The webinar will be recorded, and once it’s been posted to the State Heritage Emergency Partnership website, www.heritagepreservation.org/shep, we’ll remind you to notify your constituents of its availability.

Registration Fee
Thanks to funding from the Institute of Museum and Library Services, the State Heritage Emergency Partnership 2014 Webinar Series is free. However, registration for each webinar is required for attendance.

Questions?
Contact Katelin Lee, Emergency Programs Assistant, 202-233-0835.

WESTPAS

CREATING AND FUNDING PRESERVATION PROJECTS TO ENHANCE COLLECTION CARE

Fairbanks, Alaska, Thursday November 20, 2014, 9a.m.-4p.m.

University of Alaska, Rasmuson Library, Room 340, 310 Tanana Loop, Fairbanks, Alaska

Sponsored by Western States & Territories Preservation Assistance Service (WESTPAS)

Workshop instructor: Gary Menges, Librarian Emeritus, University of Washington

Do you want to get a preservation grant to take care of your collections? Many institutions have used grant-funded projects to enhance the level of care they can provide for their collections, and sometimes even to jump start their preservation programs.?

“Creating and Funding Preservation Projects to Enhance Collection Care” is a one-day workshop that begins with identifying and setting priorities among collection needs. With a clear sense of needs, the second part of the workshop reviews sources of grant funding available to your institution. The third part of the workshop addresses the key preservation questions asked on grant applications – participants answer the questions on behalf of their institutions, building the elements of a proposal for their own collection. The workshop emphasizes working collaboratively with colleagues to develop and receive feedback on project proposals.?

By the end of the workshop day, participants will have:?

* Outlined a preservation project proposal specific to their institution

* Identified possible funding sources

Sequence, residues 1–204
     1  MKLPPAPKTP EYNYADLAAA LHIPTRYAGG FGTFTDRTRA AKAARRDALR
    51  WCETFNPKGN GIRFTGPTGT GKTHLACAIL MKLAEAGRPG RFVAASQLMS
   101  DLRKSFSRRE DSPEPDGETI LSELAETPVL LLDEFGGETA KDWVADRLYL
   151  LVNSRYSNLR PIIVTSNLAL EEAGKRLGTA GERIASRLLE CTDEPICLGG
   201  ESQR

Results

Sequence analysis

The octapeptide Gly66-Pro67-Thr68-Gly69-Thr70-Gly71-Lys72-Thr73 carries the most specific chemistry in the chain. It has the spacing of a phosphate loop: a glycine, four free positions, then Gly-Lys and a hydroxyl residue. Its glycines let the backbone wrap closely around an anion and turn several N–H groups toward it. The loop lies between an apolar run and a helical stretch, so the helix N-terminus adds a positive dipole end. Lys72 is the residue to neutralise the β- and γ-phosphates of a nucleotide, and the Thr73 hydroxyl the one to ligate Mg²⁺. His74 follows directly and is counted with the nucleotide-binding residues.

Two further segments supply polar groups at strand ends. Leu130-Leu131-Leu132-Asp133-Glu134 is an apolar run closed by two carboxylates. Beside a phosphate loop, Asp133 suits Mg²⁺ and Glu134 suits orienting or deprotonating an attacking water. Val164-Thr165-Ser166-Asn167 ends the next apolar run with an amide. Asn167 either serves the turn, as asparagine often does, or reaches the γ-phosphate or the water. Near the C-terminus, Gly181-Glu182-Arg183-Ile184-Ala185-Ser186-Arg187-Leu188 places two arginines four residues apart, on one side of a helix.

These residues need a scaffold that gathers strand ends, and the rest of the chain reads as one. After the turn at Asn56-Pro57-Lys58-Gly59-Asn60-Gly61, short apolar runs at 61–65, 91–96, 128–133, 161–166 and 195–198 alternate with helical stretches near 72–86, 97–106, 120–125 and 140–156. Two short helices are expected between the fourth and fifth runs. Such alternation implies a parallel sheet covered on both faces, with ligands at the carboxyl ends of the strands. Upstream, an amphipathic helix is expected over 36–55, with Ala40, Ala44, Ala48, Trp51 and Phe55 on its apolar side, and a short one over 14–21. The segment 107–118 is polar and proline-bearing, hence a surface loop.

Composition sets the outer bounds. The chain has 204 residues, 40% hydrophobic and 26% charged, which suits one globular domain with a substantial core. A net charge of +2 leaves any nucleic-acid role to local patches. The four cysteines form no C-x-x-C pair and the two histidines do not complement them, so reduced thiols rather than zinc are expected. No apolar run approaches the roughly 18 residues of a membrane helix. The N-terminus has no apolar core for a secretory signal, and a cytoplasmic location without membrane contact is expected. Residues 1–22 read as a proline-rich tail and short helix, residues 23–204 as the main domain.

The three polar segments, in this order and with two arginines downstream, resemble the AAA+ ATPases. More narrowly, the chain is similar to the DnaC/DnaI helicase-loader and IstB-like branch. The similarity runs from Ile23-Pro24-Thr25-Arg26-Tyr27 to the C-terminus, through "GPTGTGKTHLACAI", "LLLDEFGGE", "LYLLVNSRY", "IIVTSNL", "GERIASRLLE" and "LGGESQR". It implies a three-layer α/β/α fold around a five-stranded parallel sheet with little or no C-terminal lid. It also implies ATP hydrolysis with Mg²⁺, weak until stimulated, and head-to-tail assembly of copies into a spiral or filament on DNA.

* Tested their ideas with other workshop participants?

Who should attend: Administrators and staff responsible for care of the collection in all types of archives, libraries, and museums, with an emphasis on small-to-medium sized institutions without preservation grant writing experience. By registering for the workshop, the institution commits to supporting the attendee(s) to achieve the workshop’s goals to develop and submit proposals for preservation projects to enhance collection care. When possible, TWO attendees from an institution should attend so they can work together on project development.?

Cost: No charge to the institution. WESTPAS is funded in part by the National Endowment for the Humanities.?

Registration: Pre-registration required. Register online at:

http://tiny.cc/ZePOL?(Go to November 20 and click on the date.)

For registration assistance contact: Alexandra Gingerich?<gingerich@plsinfo.org> For general & content information contact: Gary Menges <menges@uw.edu>

Additional Information about the workshop will be sent to the registrants before the workshop.

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Professional Time Wasting on the Web

Very cool slide show of the restoration of Greek Vases

http://jpgm.org/cia/drupaltest/vases/index.html

Interesting video on the Cohokia Mounds Site in Illinois

Video: Cahokia Mounds, A Visitor’s Perspective

A video installation in downtown Lubbock TX.

Video: Memory Series–The Warehouse

Movie of the new Rijksmuseum in Amsterdam

https://vimeo.com/91439084

Tories seek museum content: Want list of all exhibits that refer to federal government

http://www.winnipegfreepress.com/local/tories-seek-museum-content-275245431.html?cx_navSource=d-tiles-3